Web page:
clock menu more-arrow no yes mobile

Filed under:

Our Old Clipper Friend Bobby Simmons

Checking Saturday's San Antonio box score in advance of the Clippers' meeting with the Spurs in Mexico City tonight, I was surprised to see former Clipper Bobby Simmons on the roster.

Believe it or not, Bobby Simmons has finally come to the end of the 5/$47M contract he signed with Milwaukee after winning the NBA's Most Improved Player award as a Clipper in 2004-2005.  Simmons is now likely suffering from the backlash that is often visited upon players, who, through no fault of their own, sign contracts that were bigger than they deserved. 

Looking at his career, his 04-05 season with the Clippers is definitely an outlier.  He averaged over 16 points per game that year, which is more than twice as much as any other in his 9 year NBA career save his first season with the Bucks.  That year he averaged 13.4 points, but his productivity dropped across the board compared to the prior season (though not by much).  He then missed the entire 06-07 season in Milwaukee with a stress reaction in his ankle.  After two seasons in Milwaukee, one in which he was productive, though not as productive as they'd hoped, and a second in which he was injured, he was now an albatross.  His contract was weighing down the payroll in Milwaukee, and all they wanted to do was get rid of him. Of course, it was fairly obvious that his contract was going to be a problem when they signed him, but whatever.

They got their chance on draft day in 2008 when they traded him along with Yi Jianlian to New Jersey for Richard Jefferson.  In his first season with the Nets, Simmons was actually pretty productive, shooting a career high 44.7% from three point range and recording a stellar 58.2% effective field goal percentage.  However, when the Nets opened last season with a record 18 straight losses, the rebuilding that had begun with the trade of Jefferson went into high gear, and the 29 year old Simmons was buried in the rotation in favor of youngsters like Yi and Chris Douglas-Roberts and Terrence Williams.  Bobby played in all 18 of those opening losses - and then played in only 5 additional games all season as the Nets stuggled to 12 wins (at least they avoided the worst record of all time).

So since he left the Clippers, Bobby Simmons has missed one entire season to injury and another to benchwarming (he told's Fran Blinebury that the latter was harder to endure).  He accepted a training camp invite from the Spurs for a chance to make the team and backup Jefferson, the guy he was traded for two years ago.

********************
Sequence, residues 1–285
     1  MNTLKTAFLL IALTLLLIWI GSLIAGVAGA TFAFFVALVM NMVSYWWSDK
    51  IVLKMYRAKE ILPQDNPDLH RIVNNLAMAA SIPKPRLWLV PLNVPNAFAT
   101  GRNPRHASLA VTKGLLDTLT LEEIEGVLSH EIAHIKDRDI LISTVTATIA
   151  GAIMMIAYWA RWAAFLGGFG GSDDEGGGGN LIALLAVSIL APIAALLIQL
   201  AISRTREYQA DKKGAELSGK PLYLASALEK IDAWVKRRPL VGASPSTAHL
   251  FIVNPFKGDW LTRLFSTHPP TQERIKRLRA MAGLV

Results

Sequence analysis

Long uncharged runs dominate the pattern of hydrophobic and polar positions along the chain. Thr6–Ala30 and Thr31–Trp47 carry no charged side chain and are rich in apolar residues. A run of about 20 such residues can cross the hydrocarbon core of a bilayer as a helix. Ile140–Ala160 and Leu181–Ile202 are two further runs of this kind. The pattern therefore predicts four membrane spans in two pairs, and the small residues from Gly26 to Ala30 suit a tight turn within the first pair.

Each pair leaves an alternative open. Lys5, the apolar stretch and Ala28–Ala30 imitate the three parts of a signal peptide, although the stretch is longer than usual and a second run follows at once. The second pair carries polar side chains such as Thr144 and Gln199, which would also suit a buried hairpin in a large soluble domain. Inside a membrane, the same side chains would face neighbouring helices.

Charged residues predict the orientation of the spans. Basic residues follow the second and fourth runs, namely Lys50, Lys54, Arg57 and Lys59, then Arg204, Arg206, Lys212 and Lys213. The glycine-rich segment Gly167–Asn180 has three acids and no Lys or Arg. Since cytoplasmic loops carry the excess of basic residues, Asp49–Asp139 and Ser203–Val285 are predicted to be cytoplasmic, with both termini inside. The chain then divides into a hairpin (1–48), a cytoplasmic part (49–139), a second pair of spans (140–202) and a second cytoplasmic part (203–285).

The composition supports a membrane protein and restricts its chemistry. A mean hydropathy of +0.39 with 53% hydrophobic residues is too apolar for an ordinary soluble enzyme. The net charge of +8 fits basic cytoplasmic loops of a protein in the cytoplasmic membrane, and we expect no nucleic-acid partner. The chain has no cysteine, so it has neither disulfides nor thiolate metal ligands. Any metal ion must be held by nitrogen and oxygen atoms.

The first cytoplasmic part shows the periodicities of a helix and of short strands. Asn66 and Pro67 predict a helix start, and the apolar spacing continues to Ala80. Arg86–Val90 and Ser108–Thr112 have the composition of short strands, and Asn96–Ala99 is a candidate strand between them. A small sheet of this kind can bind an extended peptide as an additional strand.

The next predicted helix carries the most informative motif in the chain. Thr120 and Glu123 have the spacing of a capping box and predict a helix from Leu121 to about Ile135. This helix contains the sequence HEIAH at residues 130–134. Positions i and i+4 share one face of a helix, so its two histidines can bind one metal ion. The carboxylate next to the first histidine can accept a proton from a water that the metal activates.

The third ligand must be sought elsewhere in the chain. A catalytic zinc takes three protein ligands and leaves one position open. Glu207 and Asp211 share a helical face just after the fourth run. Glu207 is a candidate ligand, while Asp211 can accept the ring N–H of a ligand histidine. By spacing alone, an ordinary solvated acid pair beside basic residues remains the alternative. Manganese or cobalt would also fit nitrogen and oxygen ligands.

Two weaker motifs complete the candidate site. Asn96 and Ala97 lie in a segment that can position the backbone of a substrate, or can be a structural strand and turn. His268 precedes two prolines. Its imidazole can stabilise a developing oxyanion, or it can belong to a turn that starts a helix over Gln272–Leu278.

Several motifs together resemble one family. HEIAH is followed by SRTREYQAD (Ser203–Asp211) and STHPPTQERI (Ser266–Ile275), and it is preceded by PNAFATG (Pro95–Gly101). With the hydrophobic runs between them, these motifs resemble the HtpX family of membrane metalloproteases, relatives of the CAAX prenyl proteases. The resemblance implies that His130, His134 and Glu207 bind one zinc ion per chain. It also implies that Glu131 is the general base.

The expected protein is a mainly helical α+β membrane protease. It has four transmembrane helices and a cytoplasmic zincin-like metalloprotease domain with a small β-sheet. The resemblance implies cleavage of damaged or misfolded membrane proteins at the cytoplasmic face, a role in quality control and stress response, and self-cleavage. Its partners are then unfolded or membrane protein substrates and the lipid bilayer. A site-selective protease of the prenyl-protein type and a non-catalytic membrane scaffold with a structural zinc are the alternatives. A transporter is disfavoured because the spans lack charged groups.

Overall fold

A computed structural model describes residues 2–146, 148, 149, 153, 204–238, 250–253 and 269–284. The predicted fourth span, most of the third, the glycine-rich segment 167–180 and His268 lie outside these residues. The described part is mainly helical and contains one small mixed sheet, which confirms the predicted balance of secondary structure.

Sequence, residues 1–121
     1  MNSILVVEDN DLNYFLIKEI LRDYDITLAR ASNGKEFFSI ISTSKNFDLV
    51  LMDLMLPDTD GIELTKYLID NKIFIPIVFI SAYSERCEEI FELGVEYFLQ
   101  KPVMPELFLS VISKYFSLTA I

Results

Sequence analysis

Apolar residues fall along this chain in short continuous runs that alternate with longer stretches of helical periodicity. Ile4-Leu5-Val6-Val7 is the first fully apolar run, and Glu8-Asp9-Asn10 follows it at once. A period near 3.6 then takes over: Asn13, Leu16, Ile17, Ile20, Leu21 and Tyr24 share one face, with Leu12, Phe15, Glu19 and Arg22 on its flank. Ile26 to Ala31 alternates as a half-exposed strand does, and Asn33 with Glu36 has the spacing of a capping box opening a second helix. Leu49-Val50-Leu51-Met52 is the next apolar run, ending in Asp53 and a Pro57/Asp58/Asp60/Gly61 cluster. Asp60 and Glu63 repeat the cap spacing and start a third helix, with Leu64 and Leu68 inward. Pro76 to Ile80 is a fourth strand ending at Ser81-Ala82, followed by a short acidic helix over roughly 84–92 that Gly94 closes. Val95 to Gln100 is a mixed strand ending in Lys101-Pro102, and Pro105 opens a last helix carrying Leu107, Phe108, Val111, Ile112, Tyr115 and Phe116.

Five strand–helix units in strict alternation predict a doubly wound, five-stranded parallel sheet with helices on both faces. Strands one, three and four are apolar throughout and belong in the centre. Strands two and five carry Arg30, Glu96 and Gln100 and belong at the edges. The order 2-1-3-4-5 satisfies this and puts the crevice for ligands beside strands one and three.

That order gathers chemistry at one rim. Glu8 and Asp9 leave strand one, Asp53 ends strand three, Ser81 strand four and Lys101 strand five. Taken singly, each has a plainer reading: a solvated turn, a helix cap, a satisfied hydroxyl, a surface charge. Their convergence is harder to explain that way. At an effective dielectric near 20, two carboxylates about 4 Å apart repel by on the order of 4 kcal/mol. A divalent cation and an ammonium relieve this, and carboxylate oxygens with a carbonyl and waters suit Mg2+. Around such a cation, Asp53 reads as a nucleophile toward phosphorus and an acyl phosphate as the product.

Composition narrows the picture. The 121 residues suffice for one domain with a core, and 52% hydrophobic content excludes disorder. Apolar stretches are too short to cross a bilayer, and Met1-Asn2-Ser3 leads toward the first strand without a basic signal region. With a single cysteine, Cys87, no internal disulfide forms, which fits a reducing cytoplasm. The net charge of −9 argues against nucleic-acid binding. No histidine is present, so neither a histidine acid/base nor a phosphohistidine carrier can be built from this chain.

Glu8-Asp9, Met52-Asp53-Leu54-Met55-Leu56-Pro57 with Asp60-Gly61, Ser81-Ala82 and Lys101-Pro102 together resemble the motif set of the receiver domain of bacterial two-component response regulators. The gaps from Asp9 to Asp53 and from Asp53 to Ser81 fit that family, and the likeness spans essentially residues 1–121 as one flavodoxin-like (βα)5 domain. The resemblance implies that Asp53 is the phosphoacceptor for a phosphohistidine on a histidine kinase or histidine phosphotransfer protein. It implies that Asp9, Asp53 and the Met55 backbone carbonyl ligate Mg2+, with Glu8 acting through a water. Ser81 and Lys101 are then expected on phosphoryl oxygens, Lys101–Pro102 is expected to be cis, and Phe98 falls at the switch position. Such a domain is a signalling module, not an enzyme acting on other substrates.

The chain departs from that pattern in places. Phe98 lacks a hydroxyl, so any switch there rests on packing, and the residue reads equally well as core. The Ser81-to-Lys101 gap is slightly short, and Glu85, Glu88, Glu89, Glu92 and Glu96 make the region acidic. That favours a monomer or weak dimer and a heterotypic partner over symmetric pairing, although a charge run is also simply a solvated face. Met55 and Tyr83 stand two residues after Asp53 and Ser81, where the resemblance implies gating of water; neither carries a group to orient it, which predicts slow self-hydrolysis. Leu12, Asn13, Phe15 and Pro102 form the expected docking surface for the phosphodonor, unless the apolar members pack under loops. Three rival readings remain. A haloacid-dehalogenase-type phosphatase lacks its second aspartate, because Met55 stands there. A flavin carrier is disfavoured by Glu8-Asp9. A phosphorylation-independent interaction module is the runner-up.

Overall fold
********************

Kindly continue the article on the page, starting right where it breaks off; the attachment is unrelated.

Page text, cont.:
He's still only 30.  He actually played well two seasons ago.  He can hit that corner three.  Does anyone else feel like this could end up being another steal for the Spurs?

Looking at the San Antonio roster, you'd have to say that Simmons has a pretty darn good shot to make the team.  They currently have 16 players on the roster - but only 11 with fully guaranteed contracts.  (The Spurs remain one of the most ruthless teams in terms of salary - they'll start the season with James Anderson on his rookie contract and 5 or 6 more players making the NBA minimum - but they find talent they can plug in around their stars.)  So essentially he's one of five players fighting for three spots.  His rivals are younger, and actually have some guaranteed money in their deals, so Simmons needs to play well and hope that Gregg Popovich wants to go with an experienced player.

I'm not at all convinced that Bobby Simmons should be out of the NBA at age 30.  He was clearly not worth the $10.5M he made in New Jersey last season, nor really any part of the $47M contract.  But that's not his fault.  Was he supposed to say 'No' when Milwaukee threw that offer sheet at him?  But just because he's been overpaid for 5 seasons doesn't mean he's not worth a minimum contact now.  I assume he'll make a squad this season - if not in San Antonio, then with another team that needs some help at the small forward.

Say, aren't the Clippers a little thin at the three?